Tuesday, July 28, 2015

Buchanan County; Then and Now Brenda Baldwin and Victoria Osborne

Buchanan County, like many small counties, has gone through boom and bust in its history. From floods and fires to economic prosperity, Buchanan went from being one of the wealthiest counties to one of the poorest in the state of Virginia. Unlike many small counties, Buchanan is reinventing itself. The original county is no more and is currently being rebuilt.

Brenda and Victoria's books are available at www.amazon.com

Buchanan County, Virginia


Buchanan County, Virginia: Images of America by Brenda Baldwin for Arcadia Publishing

Often referred to as America's last frontier, Buchanan County, Virginia, was formed in 1858 by Act 156 of the Virginia General Assembly. The young county was named after Pres. James Buchanan, and Grundy, the county seat, was named for U.S. senator Felix Grundy, who later became attorney general in Pres. Martin Van Buren's cabinet. Images of America: Buchanan County tells the history of a county from the days of the Long Hunters--who settled the area and named its rivers, salt licks, mountains, and valleys--through the Civil War, when the mountainous terrain along the Virginia-Kentucky state line served as a no-man's-land between the Northern-Southern army, to the coal boom of the 1970s that created instant millionaires. Buchanan County has survived floods, fires, and economic and political demands to emerge anew in the year 2006.

Historic photos collected over a period of many years.

Dickenson County was formed in 1880 from parts of Wise, Russell, and Buchanan Counties. The county was named for William J. Dickenson, a legislator from Russell County who sponsored the bill in the House of Delegates that established it as the 100th county in Virginia. Dickenson has since been referred to as Virginia's baby county. Daniel Boone may have been the first white man to see the area. In 1767, he and two others traveled northward from the Yadkin River in North Carolina and reached the headwaters of the West (later called Russell) Fork of the Big Sandy River. Dickenson has one of the largest underground stores of coal in the world, with coal and lumber providing the majority of jobs for the region. The county is home to bluegrass legend Ralph Stanley, who is from Clintwood and was raised on Sandy Ridge. The county was home to "Ironman" Claude Fuller, who played baseball for the New York Yankees. The county is famous for the "Petticoat Government," an all-women town council and a mayor that received national attention. One of the most tragic mining accidents occurred in Dickenson County in 1932 when an explosion at Splashdam Mine killed 10 men.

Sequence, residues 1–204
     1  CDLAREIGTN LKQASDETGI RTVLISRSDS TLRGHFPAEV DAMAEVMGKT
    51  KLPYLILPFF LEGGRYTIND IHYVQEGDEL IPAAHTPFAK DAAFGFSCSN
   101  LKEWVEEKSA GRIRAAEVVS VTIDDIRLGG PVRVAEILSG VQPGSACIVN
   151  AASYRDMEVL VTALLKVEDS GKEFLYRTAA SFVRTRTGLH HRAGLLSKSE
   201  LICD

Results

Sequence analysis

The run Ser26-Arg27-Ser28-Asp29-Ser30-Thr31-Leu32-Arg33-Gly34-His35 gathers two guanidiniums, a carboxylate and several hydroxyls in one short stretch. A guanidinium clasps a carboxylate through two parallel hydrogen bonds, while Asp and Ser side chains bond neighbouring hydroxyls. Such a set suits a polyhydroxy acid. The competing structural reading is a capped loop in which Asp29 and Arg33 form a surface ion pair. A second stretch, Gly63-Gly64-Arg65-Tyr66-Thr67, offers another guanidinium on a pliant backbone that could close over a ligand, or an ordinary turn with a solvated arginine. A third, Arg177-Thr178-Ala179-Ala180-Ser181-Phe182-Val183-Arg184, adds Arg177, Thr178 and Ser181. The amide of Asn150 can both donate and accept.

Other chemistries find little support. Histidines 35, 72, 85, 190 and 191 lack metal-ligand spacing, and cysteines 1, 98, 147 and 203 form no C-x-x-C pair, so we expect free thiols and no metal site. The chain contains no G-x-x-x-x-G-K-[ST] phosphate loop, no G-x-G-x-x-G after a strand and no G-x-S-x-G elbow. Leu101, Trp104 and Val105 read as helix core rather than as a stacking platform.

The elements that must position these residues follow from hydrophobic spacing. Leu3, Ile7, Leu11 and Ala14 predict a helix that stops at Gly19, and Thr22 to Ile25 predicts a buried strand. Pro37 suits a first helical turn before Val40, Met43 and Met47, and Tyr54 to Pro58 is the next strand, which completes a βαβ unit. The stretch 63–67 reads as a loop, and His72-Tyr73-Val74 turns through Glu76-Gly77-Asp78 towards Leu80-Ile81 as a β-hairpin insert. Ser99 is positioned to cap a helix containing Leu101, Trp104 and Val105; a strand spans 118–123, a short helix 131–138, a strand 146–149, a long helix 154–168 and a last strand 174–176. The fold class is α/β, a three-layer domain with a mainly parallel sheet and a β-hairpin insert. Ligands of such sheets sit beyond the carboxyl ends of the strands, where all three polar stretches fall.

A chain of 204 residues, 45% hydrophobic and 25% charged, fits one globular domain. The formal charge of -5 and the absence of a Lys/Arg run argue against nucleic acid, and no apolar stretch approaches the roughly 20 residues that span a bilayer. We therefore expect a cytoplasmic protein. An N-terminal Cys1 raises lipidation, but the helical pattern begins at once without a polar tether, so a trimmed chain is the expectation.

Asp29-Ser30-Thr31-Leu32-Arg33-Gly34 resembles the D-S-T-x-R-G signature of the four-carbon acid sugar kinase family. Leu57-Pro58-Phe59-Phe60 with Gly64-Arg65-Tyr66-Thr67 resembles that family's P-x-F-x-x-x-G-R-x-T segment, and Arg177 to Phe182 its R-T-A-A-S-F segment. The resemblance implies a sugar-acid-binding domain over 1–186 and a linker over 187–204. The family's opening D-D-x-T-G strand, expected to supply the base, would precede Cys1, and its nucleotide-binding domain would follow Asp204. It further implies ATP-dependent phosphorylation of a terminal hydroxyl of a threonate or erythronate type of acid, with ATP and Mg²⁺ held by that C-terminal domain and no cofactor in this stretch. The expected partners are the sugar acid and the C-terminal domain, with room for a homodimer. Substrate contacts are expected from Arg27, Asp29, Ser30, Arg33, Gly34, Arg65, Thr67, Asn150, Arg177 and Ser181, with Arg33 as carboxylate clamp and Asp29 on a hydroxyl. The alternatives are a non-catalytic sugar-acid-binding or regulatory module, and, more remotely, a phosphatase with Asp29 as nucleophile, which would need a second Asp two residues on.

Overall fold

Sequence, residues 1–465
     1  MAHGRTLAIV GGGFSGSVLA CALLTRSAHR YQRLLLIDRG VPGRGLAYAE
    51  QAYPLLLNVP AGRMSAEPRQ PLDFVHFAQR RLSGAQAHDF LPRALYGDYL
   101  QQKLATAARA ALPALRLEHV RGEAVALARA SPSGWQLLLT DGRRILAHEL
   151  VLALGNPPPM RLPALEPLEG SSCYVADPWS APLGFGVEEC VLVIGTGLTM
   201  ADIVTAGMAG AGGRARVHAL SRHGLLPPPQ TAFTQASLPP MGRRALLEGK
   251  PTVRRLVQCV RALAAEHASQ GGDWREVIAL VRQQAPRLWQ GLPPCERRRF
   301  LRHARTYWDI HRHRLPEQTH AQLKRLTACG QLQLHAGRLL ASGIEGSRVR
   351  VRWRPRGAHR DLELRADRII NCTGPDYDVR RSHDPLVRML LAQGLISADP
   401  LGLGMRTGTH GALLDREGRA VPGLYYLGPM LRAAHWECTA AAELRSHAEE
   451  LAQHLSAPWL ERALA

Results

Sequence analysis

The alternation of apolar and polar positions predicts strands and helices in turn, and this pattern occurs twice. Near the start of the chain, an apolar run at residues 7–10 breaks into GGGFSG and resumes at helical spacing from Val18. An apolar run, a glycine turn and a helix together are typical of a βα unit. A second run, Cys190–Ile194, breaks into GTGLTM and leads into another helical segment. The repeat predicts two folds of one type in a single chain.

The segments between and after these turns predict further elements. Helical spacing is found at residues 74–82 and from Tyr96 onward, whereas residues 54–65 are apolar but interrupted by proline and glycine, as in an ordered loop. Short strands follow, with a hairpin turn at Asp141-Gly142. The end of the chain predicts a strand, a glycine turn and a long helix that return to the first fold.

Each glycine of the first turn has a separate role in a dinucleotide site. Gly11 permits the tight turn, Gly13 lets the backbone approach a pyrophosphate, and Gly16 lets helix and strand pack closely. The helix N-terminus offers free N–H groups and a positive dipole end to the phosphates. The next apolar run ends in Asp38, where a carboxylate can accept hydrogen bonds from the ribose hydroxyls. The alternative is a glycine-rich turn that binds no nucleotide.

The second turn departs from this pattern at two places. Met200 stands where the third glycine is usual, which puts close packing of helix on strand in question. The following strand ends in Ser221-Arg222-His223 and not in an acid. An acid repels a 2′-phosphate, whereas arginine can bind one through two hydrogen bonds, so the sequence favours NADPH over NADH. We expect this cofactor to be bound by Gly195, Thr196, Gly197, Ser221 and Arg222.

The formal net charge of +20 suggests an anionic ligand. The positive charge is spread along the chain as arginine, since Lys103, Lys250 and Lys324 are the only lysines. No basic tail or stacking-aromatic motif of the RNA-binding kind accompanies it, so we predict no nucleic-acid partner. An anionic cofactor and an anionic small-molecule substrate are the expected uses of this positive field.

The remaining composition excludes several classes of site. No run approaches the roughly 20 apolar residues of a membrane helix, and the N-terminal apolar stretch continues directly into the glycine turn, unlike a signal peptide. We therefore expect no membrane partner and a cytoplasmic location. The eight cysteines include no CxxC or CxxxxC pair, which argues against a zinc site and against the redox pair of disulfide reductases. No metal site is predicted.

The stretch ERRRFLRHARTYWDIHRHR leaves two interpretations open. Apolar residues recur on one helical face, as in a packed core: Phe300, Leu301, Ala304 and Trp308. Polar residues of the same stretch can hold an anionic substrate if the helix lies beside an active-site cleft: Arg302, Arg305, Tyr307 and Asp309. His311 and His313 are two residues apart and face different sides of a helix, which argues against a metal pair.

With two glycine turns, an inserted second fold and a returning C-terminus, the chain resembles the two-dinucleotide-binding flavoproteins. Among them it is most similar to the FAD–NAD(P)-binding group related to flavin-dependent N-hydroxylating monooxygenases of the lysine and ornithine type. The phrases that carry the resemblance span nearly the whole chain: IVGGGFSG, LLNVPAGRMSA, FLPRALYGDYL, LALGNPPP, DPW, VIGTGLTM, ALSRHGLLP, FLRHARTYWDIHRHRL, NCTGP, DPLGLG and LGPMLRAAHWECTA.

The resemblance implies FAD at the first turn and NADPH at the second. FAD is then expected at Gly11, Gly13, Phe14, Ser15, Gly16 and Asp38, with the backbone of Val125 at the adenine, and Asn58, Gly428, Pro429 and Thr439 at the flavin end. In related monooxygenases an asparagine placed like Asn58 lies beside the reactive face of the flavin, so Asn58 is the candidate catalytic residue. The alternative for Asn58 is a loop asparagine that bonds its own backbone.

Images of America book by Victoria Osborne Dickenson County, Virginia


Book written by one of my pals, Victoria Osborne Dickenson County, Virginia from Arcadia Publishing


Dickenson County was formed in 1880 from parts of Wise, Russell, and Buchanan Counties. The county was named for William J. Dickenson, a legislator from Russell County who sponsored the bill in the House of Delegates that established it as the 100th county in Virginia. Dickenson has since been referred to as Virginia’s baby county. Daniel Boone may have been the first white man to see the area. In 1767, he and two others traveled northward from the Yadkin River in North Carolina and reached the headwaters of the West (later called Russell) Fork of the Big Sandy River. Dickenson has one of the largest underground stores of coal in the world, with coal and lumber providing the majority of jobs for the region. The county is home to bluegrass legend Ralph Stanley, who is from Clintwood and was raised on Sandy Ridge. The county was home to “Ironman” Claude Fuller, who played baseball for the New York Yankees. The county is famous for the “Petticoat Government,” an all-women town council and a mayor that received national attention. One of the most tragic mining accidents occurred in Dickenson County in 1932 when an explosion at Splashdam Mine killed 10 men.

Author Bio: In Images of America: Dickenson County, author Victoria L. Osborne, a historian and the president of the Southwest Virginia Historical and Preservation Society, has compiled histories and photographs that capture the rich life of Virginia’s baby.